Home > Uncategorized > Mo’ Music

Mo’ Music

From what I consider to be a vastly underrated band.

Chumbawamba had the misfortune of having one of its worst songs become its “breakout hit” in the US.  As a result, most folks here have never heard anything by the band other than that one annoying 2-dimensional tune, which is a shame, since most of their music is multi-layered and delivers a biting political and/or social commentary.  What I’ve always loved about the band is how upbeat and happy their music is even as it’s delivering an often harsh message – and quite often with very naughty words, which thrills my inner juvenile delinquent.  A band with a peppy sound that’s also aggressively anarchist and atheist?  With profane and hilarious lyrics?  Count me in!

These videos are boring, but I only put them up for the audio, so listen with an open mind.  There’s quite a story behind this first one:

That’s a cut from the 1992 album Jesus H. Christ.  Only around 7,000 copies of this recording ever made it into circulation, thanks to a suit brought by Sir Paul McCartney.  Jesus H. Christ was an ambitious sampling project for Chumbawamba – they borrowed not only audio samples but lines from other songs, melodic lines, etc.  Unfortunately, one of the samples they borrowed (to brilliant effect) was the opening sequence from Sgt. Pepper’s Lonely Hearts Club Band.  McCartney sued & won, and the band was enjoined from releasing any more copies.

This album haunted me for years because I didn’t know what it was.  All I had was a copy of a tape someone brought into the used record store where I was working while in grad school; the only information on the tape was the name of the band, and the guy had given us the back story on the lawsuit.  I played that tape over and over again for the next 10 or 12 years until it was wearing out, then began searching in earnest to find out what it was.  Fortunately, by this time, the internet was around, but still, it took a couple of years of searching until someone finally posted information about the album and I found out what it was called.  Then there was another year or so of scouring the internets looking for a copy for sale.  Finally one turned up in 2006 and as soon as it arrived I put together my setup for recording my vinyl to digital files.  Now it seems that parts of Jesus H. Christ have made it to YouTube.

This next is from their 2004 release, Un.  Again, not much as a video, but what a fabulous, peppy song for probing the depths of the darkest, looniest conspiracy theories:

Accordion music with a funky beat you can dance to and darkly humorous lyrics?  Again, what’s not to love?

If you’ve never been properly introduced to Chumbawamba, now you know what you’ve been missing.

Update:  As commenter Pete Shanks notes, the entirety of Jesus H. Christ is now on YouTube, divided into segments 1-4.  The recording quality on some of it isn’t quite as good as it could be, but at least it’s available for your listening pleasure.  These have only been posted for a couple of months, so thanks for the sleuthing, Pete!

You won’t get the full effect thanks to the divisions; on the album itself all the songs meld one to another in a seamless bridge of sound, ala Pink Floyd/Alan Parsons Project.  And yeah, a lot of folks will listen to a bit and say “meh,” because this is, after all, an obsession I developed way back in 1993 and the recording is in some ways very much of that era, and of course, the music any of us likes is such an individual preference.  But if it grabs you the way it grabbed me all those years ago and you’d like your very own copy of it, drop a note in comments.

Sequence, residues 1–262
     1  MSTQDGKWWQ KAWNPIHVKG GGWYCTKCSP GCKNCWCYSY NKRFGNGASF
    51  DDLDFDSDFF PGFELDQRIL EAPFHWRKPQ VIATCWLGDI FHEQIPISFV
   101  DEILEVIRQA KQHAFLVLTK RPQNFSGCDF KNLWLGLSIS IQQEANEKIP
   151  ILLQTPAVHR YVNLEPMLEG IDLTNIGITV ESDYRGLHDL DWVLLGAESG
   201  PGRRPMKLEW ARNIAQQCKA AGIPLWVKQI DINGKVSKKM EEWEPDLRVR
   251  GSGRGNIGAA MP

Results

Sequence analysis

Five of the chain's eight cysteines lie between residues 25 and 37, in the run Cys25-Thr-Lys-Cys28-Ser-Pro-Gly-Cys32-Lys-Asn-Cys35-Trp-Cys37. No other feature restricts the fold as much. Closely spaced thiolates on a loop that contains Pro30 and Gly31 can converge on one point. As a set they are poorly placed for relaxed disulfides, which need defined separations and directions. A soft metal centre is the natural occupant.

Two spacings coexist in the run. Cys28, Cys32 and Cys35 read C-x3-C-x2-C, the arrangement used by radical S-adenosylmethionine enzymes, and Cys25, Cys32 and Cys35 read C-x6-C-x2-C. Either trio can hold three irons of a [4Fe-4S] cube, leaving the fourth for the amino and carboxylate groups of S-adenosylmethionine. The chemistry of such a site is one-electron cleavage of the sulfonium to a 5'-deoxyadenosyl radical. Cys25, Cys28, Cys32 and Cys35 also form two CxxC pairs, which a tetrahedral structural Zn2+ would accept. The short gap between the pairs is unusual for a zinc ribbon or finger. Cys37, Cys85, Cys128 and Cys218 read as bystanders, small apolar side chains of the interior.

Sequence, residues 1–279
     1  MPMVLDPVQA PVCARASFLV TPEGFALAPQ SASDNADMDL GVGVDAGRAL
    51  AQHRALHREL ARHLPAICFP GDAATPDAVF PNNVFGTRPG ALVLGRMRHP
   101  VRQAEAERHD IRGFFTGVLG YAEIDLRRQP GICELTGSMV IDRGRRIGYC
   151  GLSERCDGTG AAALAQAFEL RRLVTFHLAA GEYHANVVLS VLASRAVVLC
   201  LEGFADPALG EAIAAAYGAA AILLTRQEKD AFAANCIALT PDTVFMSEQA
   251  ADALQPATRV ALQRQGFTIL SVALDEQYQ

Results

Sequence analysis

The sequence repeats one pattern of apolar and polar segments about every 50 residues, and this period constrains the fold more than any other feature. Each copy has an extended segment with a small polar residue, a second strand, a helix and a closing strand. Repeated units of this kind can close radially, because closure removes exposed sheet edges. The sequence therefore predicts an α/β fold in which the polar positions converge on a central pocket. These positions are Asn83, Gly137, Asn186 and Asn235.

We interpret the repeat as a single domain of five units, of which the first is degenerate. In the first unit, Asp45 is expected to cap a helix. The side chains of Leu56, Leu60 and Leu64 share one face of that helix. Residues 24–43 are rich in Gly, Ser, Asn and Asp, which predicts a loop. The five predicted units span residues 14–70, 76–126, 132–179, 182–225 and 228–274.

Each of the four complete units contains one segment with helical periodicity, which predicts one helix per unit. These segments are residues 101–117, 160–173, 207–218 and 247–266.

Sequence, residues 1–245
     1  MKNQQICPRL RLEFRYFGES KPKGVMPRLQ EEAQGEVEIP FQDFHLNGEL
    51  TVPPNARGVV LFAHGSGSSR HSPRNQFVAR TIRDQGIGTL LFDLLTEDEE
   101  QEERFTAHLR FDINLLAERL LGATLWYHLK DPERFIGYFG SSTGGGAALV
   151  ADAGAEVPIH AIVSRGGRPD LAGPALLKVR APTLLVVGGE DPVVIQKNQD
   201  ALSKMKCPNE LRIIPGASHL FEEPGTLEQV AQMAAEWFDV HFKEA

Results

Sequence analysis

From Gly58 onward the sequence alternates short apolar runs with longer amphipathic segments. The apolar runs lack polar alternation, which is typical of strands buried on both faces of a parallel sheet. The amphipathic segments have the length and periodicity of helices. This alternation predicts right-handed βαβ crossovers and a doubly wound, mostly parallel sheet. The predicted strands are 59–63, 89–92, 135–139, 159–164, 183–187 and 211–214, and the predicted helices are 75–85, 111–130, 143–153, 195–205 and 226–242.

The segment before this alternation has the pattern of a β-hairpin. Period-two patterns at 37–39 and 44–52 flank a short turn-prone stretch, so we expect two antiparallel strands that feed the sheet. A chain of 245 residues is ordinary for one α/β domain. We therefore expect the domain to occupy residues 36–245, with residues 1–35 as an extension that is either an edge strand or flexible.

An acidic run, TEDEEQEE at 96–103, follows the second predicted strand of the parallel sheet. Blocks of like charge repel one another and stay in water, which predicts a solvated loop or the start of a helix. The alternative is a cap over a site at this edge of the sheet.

You can listen to part 1 here; each part has a link on the page to the next part.

  1. B^4
    February 25, 2011 at 9:53 pm

    If I’m not mistaken, they were an offshoot of The Mekons, no? ZRM would know.

    • February 27, 2011 at 12:51 pm

      Not quite, although members worked together I think. They were from Leeds along with the Mekes and Gang of Four.

      Jon Langford, that prolific bastard, has played on so many projects I don’t think anyone has compiled a complete list.


      Langford played on the solo album by the Bald Bastard in the back, Danbert Nobacon. who also opened for the Mekons on their last States tour. I saw them at the Pabst. He was surprisingly good for the ‘guy with a guitar’genre.

  2. Pete Shanks
    February 26, 2011 at 12:27 am

    Aha, JHC is on YouTube, in four parts, but don’t tell anyone (views of part 4 are in the mid-double-digits). Yeah, it’s a neat use of the Pepper samples … thanks for alerting me.

    (But I still like Tubthumping best, so there.)

  3. PS
    February 26, 2011 at 12:28 am

    Goddamn autofill. Kinda like my name actually.

  4. February 27, 2011 at 12:53 pm

    Have you ever heard Negativland’s Dispepsi? Very similar album construction, and also gone missing for a while due to corporate legal hammers.

  1. No trackbacks yet.

Leave a Reply

Fill in your details below or click an icon to log in:

WordPress.com Logo

You are commenting using your WordPress.com account. Log Out /  Change )

Twitter picture

You are commenting using your Twitter account. Log Out /  Change )

Facebook photo

You are commenting using your Facebook account. Log Out /  Change )

Connecting to %s

%d bloggers like this: